Considering the changes in the rates of ASD, increased awareness cannot be overlooked. Qualified professionals provide a proper diagnosis in accordance with current criteria. Whereas, increasing knowledge of ASD in a society may lead to a careful observation of disturbed behavior in children by their parents and, consequently, an early search for specialist advice. Their awareness began to rise from the 1960s along with the number of works on the nature of autism (Lotter 1967; Rutter et al. 1970; DeMyer 1975). Nevertheless, until the 1980s autism was too little known to be located in a separate place in any of the ICD or DSM classifications. In1980 the term ‘infantile autism’ was introduced under the scope of a newly generalised category of ‘pervasive developmental disorders’ (PDD) (APA 1980). A significant increase in the knowledge of autism began in the 1990s after the publication of the diagnostic interview schedule Autism Diagnostic Interview-Revised (ADI-R), which was originally used for research purposes (Lord et al. 1994). Higher awareness is reflected in the growing amount of research funding available for ASD and the number of ASD research grants (Singh et al. 2009). Figure 1 shows a rapid increase in both the number of all published reports concerning ASD and research supported by the governments in the last decade.

Fig. 1

Frequency of reports concerning ASD (1946–2016) Bibliographic research related to the use of term “autism or autistic” in records from the collection of PubMed database. In the search two sets of proceedings: with filters (Article types: Research Support, U.S. Government; Research Support, U.S. Gov’t, P.H.S.; Research Support, U.S. Gov’t, Non-P.H.S.; Research Support, Non-U.S. Gov’t) and without any filter were applied. Results by year (as timeline) were downloaded in the CSV file. Records from 2017 were excluded from the timelines due to the lack of a full annual balance sheet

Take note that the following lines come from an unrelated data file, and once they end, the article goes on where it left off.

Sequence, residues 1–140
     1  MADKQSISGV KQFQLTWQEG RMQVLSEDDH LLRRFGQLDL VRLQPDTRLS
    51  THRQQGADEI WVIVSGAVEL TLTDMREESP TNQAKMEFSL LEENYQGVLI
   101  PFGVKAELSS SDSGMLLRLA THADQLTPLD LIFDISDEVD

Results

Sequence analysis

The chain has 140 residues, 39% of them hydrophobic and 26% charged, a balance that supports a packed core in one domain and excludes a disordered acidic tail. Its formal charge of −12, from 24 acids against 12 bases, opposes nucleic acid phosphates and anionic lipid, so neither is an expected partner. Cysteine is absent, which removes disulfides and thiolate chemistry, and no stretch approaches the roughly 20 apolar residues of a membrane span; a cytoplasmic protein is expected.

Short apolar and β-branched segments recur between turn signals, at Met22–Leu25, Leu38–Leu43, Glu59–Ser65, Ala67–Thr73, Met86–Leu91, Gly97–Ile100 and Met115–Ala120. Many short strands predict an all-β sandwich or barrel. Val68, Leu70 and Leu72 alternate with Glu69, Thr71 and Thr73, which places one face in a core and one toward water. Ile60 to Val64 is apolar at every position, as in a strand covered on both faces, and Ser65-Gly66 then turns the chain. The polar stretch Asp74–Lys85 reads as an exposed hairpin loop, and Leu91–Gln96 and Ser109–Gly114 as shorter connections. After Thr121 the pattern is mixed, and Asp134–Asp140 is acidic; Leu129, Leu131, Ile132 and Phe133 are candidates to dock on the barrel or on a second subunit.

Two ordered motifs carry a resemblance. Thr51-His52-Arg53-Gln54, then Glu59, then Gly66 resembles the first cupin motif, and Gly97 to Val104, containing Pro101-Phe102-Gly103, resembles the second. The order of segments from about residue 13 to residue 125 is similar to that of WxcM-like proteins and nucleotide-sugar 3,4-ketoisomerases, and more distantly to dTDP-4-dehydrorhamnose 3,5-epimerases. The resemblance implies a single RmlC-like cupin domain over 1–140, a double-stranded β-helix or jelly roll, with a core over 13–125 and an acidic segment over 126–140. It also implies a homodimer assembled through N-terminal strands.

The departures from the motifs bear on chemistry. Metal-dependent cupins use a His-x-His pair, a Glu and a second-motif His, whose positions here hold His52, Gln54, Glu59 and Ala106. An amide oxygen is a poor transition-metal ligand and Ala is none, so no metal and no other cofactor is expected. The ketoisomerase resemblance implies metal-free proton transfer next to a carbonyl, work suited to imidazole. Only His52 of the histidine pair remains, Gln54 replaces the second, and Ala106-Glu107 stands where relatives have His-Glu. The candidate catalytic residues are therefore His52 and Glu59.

The role of mass media and all information campaigns conducted by various governmental and non-governmental organizations such as Centers for Disease Control and Prevention (Atlanta, USA), Autism-Europe (Brussels, Belgium) or Action for Autism (New Delhi, India) is very important. Thanks to them, the knowledge about ASD reaches a wide group of people.

Expenditure on Children with ASD

Due to the high incidence of ASD as well as a wide range of medical services required for affected children, the impact of ASD on the family and public budget is becoming increasingly important. Determination of expenditure related to ASD allows service planning, allocation of resources and appropriate changes in policy (Mandell et al. 2006). Children with ASD have, on average, medical expenditures from 3 (Croen et al. 2006) to even 9 (Mandell et al. 2006; Peng et al. 2009) times higher than other children.

Differences in the expenditure between children with ASD and other children largely come from total outpatient care, physician visits, and medications prescribed (Liptak et al. 2006). The economic aspect can differ even between individuals with ASD and arise from personal needs connected with treatment, care and support. Costs often depend on age of the patients (Buescher et al. 2014). Estimation of costs should also include the ability of parents of ASD children to work. The study has shown that mothers of patients with ASD have lower incomes than mothers of children with no health limitation. They are less likely to be employed and less likely to have full time jobs (Cidav et al. 2012). The reason also lies in the difficulty in finding appropriate and affordable child care (Parish and Cloud 2006).